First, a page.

Recipe Call!

Yesterday I spent some time going through my recipes so that I had a good list to share with you. I learned two things. One, apparently rice is perfectly acceptable in a traditional Scottish recipe (I’m being sarcastic here. I’m not sure how fast the boats from China had to be in order to supply the Scots with rice flour for all their traditional baking. Maybe they had a time machine portal).

And two, my recipe collection is dismal. I am positive – POSITIVE – I had a fantastic sugar cookie recipe, so much so that I actually had the ingredients ready to go yesterday before I considered grabbing the recipe to confirm measurements and such. Some recipe collecting gnome has wandered off with it, I’m afraid.

So I’m turning to my readers. Can you share with me your favourite winter time recipes? I’m not necessarily looking for holiday stuff, since we do have to eat stews and things in between all the cookies. But holiday recipes are definitely accepted.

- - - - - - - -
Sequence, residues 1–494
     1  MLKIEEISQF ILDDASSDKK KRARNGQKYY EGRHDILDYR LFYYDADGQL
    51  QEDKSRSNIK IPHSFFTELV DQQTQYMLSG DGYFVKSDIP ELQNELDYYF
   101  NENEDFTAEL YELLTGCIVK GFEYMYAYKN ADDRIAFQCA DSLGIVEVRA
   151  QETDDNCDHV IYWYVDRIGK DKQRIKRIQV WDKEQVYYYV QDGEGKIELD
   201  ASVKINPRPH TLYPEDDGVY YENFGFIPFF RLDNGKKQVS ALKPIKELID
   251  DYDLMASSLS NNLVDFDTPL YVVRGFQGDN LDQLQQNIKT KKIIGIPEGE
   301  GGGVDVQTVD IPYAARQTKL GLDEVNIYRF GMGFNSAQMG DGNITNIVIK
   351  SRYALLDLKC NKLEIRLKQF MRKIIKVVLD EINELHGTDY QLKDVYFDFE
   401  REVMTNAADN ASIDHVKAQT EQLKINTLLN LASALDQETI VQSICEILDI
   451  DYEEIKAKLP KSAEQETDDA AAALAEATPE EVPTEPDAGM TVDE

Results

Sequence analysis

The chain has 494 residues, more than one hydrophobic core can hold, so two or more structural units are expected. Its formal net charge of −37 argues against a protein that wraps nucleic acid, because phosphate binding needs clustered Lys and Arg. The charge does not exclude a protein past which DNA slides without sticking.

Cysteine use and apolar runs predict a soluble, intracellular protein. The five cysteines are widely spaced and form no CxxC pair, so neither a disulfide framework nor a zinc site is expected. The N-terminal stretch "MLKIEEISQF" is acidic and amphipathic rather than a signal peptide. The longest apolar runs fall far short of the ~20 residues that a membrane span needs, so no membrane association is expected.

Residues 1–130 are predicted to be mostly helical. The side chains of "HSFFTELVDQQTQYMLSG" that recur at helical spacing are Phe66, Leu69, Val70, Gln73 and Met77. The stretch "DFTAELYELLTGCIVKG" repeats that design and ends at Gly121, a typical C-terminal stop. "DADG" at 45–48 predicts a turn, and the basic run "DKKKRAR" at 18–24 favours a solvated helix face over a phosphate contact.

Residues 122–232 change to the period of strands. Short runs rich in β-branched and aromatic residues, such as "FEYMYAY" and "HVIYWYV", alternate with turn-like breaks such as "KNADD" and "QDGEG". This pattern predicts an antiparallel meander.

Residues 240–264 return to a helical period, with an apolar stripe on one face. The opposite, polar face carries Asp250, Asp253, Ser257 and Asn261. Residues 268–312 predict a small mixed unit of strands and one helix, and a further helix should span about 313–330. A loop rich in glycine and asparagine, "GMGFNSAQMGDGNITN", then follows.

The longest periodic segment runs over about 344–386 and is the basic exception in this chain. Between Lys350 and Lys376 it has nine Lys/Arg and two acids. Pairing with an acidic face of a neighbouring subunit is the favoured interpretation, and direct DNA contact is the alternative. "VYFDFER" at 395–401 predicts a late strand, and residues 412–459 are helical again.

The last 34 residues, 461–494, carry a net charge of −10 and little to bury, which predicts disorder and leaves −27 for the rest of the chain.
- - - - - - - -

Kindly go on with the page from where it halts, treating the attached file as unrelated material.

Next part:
I can’t promise to post every recommendation I get, but I will be trying it out before I post it and let you all know my thoughts and such.

3 thoughts on “Recipe Call!

  1. Jenn L in Chicago

    A recipe I submitted to a friend’s site: Shredded Barbecue Beef. Lately I’ve been multitasking this recipe by cooking the meat for about 4 hours in the crock pot, serving a portion of it as pot roast (my kids don’t care for pot roast veggies, so I serve with mashed potatoes and green beans instead), then returning the rest of the meat to the crock to get super tender for shredding.

  2. Melanie Boxall

    I suppose it depends how old you want something to be to call it traditional. Rice was widely grown in France at least 500 years ago, and considering the strong bond between France and Scotland in Stewart times, I should imagine it was easily available to them? A food historian could probably tell you how far back the use of rice flour in Britain goes, but it can certainly be found in 18th century recipes. In my humble opinion, shortbread without rice flour isn’t shortbread.


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